Posted by: Steven Harris | November 20, 2007

Kindling a Fire for Ebooks

Amazon just released their Kindle ebook reader. The reader technology is much the same as Sony’s Reader. They are both based on the E-Ink electronic paper display. The big differences are the inclusion of wireless connectivity and annotation capabilities in the Kindle. But these are BIG differences. The Kindle may not yet be the ebook killer app, but having the ability to connect to a larger library of works wirelessly will go a long way to popularizing the device. The ability to annotate, coupled with connectivity will mean that conversations and discussions could possibly begin to happen INSIDE a book.

Another interesting development is that Amazon is offering the Kindle as a self-publishing platform. Once again, they are tapping into the Web 2.0 mindset and allowing the general audience to contribute to the product base. It will be interesting to see if this takes off.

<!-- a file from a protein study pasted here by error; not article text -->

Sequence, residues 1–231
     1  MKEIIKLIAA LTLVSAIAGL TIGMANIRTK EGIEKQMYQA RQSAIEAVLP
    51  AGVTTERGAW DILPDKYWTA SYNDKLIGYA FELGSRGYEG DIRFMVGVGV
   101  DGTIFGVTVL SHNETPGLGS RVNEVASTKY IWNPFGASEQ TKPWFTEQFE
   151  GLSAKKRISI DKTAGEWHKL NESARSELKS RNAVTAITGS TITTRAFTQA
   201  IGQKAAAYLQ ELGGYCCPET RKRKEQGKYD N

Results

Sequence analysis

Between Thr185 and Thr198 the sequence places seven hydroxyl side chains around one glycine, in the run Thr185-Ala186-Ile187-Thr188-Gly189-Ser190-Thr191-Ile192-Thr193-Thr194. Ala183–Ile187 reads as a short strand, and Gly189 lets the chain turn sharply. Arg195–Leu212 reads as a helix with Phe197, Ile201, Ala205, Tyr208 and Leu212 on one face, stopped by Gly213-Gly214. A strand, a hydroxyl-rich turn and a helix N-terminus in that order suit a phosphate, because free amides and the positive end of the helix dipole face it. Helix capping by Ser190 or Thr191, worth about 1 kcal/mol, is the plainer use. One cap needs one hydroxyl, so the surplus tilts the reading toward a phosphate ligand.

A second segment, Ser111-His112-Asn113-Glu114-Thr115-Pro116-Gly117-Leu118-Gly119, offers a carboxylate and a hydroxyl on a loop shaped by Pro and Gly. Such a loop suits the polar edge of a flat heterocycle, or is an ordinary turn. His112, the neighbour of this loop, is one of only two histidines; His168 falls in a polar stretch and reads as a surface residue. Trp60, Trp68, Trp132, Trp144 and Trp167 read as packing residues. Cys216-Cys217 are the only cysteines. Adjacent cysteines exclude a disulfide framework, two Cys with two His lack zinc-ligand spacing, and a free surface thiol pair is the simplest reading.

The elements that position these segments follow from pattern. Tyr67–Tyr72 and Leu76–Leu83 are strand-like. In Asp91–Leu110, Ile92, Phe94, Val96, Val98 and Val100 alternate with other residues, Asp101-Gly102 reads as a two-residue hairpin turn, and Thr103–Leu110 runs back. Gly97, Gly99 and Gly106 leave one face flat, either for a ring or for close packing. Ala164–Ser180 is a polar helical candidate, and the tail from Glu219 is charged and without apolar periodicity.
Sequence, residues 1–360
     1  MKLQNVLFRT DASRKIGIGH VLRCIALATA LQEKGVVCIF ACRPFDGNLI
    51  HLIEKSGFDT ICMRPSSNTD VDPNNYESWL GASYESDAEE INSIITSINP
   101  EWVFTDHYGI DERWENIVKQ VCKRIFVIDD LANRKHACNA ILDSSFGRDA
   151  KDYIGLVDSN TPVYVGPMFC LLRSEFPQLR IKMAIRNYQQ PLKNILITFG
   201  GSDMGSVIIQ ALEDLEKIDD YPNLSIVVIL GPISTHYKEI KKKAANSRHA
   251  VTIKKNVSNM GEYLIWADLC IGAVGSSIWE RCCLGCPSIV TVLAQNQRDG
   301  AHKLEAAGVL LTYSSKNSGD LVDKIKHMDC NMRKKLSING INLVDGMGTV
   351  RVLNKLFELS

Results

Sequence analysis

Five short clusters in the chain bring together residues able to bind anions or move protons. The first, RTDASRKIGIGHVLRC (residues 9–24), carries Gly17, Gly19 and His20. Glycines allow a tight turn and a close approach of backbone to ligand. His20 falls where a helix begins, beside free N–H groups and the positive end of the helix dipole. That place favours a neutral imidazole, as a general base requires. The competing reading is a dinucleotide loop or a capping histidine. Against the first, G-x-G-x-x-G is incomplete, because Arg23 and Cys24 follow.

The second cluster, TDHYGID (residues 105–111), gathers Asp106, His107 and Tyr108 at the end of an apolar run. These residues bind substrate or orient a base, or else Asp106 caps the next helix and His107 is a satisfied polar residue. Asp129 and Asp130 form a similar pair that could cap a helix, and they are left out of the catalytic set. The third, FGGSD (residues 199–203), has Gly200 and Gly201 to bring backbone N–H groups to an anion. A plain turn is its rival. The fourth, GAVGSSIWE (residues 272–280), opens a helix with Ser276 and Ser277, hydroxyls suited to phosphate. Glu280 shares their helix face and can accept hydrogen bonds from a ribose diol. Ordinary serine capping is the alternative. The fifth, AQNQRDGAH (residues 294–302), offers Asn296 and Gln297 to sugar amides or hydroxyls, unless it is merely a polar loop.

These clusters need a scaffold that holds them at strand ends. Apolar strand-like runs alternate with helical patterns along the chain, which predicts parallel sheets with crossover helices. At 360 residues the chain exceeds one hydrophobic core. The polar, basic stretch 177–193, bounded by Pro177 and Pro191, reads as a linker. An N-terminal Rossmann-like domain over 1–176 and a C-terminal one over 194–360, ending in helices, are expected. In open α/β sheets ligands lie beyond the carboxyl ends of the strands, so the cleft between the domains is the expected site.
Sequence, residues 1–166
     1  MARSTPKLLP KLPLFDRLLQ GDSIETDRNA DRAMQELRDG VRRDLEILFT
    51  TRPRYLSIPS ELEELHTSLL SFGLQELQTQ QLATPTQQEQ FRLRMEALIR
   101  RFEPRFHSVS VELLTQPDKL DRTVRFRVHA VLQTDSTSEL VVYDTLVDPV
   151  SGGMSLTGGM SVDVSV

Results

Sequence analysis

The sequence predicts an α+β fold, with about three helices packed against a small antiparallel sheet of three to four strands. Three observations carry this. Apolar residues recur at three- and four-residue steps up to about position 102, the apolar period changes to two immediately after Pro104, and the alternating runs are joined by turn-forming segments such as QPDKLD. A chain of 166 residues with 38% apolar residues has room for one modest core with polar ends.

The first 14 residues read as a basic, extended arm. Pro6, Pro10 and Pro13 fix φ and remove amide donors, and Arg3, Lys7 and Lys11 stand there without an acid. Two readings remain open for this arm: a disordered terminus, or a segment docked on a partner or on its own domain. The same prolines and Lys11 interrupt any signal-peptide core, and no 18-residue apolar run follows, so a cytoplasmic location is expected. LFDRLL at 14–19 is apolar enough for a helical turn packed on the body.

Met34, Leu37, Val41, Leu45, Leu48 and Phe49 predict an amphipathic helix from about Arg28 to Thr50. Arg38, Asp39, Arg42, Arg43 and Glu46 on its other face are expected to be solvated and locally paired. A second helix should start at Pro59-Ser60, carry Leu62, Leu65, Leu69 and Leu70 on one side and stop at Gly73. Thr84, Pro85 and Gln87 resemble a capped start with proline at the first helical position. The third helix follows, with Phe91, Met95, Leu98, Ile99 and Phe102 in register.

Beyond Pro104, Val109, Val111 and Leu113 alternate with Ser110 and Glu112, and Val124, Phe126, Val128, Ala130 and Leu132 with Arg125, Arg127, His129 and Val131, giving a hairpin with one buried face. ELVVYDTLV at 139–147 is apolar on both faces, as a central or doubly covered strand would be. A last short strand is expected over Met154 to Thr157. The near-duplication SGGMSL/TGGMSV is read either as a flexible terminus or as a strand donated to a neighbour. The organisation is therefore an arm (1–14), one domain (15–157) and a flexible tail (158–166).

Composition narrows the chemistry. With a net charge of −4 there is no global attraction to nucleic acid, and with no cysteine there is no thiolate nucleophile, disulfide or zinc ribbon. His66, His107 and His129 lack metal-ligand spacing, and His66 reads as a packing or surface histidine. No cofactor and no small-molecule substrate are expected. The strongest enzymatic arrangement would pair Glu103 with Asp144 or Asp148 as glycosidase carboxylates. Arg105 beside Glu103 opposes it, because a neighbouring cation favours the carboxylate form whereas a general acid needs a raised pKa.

I am trying to think of ways that libraries can deploy ebook readers like these. I suppose one day the customers will already have their own ebook devices and libraries will offer titles to be downloaded. Some kind of date stamp would be necessary, so that books could be “checked out” for a limited time period. The publishers wouldn’t go for unlimited use of a single purchased copy.

In the interim, I am thinking that libraries could buy a couple dozen readers and circulate them much like they do laptop computers. The trick will be getting the books the user wants loaded on the reader. Perhaps, with the Kindle, a library could set up limited accounts and let the user download up to a specified dollar amount. Or, alternatively, the list of Kindle titles could be maintained on a computer. The user would review the list and download the desired titles to the Kindle that they would be taking away. A lot of intervention for that scenario. But it would be a good way to gauge interest in the technology.

Kindle vs Sony:

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